As his stage play Quiz is reimagined for TV, James Graham tells Steve Clarke how he makes his characters come alive
James Graham was an undergraduate at Hull University when he became fascinated by daily press reports of the trial of a respectable home counties couple accused of cheating their way to the top prize in ITV’s Who Wants To Be a Millionaire? At the time, Millionaire was one of the biggest shows on TV, achieving audiences of more than 8 million; at its peak, an incredible 19 million tuned into the programme.
“I couldn’t believe the audacity of the crime,” recalls Graham, his eyes brightening at the memory. “The idea that someone would try to pull off a bank heist in front of the cameras, in front of a TV audience, to steal £1m was just incredible. Like everyone else in the country, I thought they definitely did it.”
Suffice to say, Major Charles Ingram (aka the Coughing Major, as the tabloids dubbed him) and his wife, Diana (sitting in the Millionaire audience, she and a family friend apparently alerted Ingram to the correct answers by coughing discretely), were found guilty and given suspended prison sentences.
Spool forward to 2015. The stage career of the insanely prolific Graham has taken off. Thanks partly to This House, set in the Commons during the turbulent 1970s, when Labour struggled to govern, Graham has emerged as one of the most talked-about dramatists in the country. (This House would subsequently be voted the play of the decade.)
He is given a book by theatre producer William Village, Bad Show: The Quiz, the Cough, the Millionaire Major, written by investigative journalists Bob Woffinden and James Plaskett, which casts doubt on the Ingrams’ guilt. “The proposition of the book is that the story is not what we think it is,” explains Graham. “It’s much more complicated than that. Diving into the book, it was thrilling to have my preconceptions disrupted and altered with new evidence that I’d never even considered.”
Graham is inspired to write the stage play Quiz, based on Woffinden and Plaskett’s book. The play is a huge success, nominated for an Olivier Award, and eventually transfers from Chichester to the West End, in the course of which he adds new material.
Next month, Graham’s three-part adaptation of Quiz, directed by the celebrated Stephen Frears, will be shown on ITV. It stars Matthew Macfadyen as Ingram, Michael Sheen as Millionaire presenter Chris Tarrant, Sian Clifford as Diana Ingram, and Mark Bonnar as Paul Smith, Chair of Celador Television, Millionaire’s producer.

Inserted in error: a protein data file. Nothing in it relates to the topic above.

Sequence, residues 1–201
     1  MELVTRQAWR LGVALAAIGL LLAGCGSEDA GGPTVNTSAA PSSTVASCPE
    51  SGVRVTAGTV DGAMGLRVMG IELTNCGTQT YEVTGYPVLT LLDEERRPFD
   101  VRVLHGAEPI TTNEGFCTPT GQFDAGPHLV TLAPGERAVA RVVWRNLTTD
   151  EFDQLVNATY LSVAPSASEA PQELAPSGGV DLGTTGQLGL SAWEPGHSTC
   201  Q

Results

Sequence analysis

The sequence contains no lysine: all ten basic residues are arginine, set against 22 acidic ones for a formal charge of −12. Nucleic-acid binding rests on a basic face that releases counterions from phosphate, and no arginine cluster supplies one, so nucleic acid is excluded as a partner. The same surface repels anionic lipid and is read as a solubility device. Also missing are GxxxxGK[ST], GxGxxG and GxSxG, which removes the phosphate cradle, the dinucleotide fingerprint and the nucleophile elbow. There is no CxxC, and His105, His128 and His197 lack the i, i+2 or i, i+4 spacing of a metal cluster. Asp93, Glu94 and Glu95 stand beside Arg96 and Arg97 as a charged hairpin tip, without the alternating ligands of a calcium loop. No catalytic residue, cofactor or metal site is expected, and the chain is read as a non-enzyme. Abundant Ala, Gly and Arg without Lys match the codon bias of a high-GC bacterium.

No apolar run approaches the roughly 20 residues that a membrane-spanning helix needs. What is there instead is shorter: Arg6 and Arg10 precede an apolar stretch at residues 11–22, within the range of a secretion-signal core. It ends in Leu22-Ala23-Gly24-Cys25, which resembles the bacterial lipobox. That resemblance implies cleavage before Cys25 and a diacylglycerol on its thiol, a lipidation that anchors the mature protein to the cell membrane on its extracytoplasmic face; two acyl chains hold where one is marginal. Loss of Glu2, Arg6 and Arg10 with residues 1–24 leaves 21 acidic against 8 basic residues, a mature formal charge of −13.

“I had a bit of imposter syndrome when I first walked into Stephen Frears’s living room,” admits Graham, who looks younger than his 37 years. He is sitting in the London offices of Left Bank Pictures – Quiz’s producer – and, in his dressed-down way, could easily pass for a postgraduate student.
The idea of Graham suffering from imposter syndrome is truly baffling but it does speak volumes about his humility. His many other triumphs include RTS-award winner Coalition, the story of the machinations that led to the Cameron-Clegg Government in 2010, and, of course, Brexit: The Uncivil War, in which Benedict Cumberbatch plays a deeply troubled Dominic Cummings, then largely unknown outside the Westminster bubble.
He continues: “I was nervous at first because Stephen is such a screen legend and I know he is critically astute. I thought: he’s going to think I am a complete fraud; he’s going to know way more about film-making, politics and culture than I do. But he was so generous about what I was trying to do.
“He asked very precise questions. He’s not one of these directors who gives prescriptive or inhibitive notes that limit you. He would ask questions that opened up possibilities.”
The idea of turning Quiz into a TV series came from Left Bank co-founder and CEO Andy Harries. “He came to see the stage show and instantly wanted to do it,” remembers Graham.
"It’s really exciting both to return to a story I was obsessed with as a younger man"
Getting Frears on board was something of a coup. He’d worked with Harries on the Oscar-winning film The Queen, starring Helen Mirren. Quiz is Frears’s first TV series since the award-winning A Very English Scandal featuring Hugh Grant as Liberal leader Jeremy Thorpe.
How involved was the director in Graham’s scripts? “Very involved,” he replies. “I’d only written one of the scripts when I first met him.
“When he read, that he instantly asked where the other scripts were. I told him I hadn’t written them yet, but I was trying very hard. He fed his thoughts into the first script, which had a knock-on effect on how I wrote the other episodes.”
It will be for the critics to judge how the TV series stands in relation to the stage versions of Quiz. What is clear is that Graham has jettisoned a lot of the original material from the versions shown in the theatre, including their potted history of British TV game shows.
In another departure from what audiences saw in the theatre, Graham has given roles to some of the TV executives mentioned in the play. Two of the key people who helped nurture Who Wants To Be a Millionaire?, ITV’s director of programmes, David Liddiment, and his entertainment commissioner, Claudia Rosencrantz, both appear in the series – played by Risteárd Cooper and Aisling Bea respectively.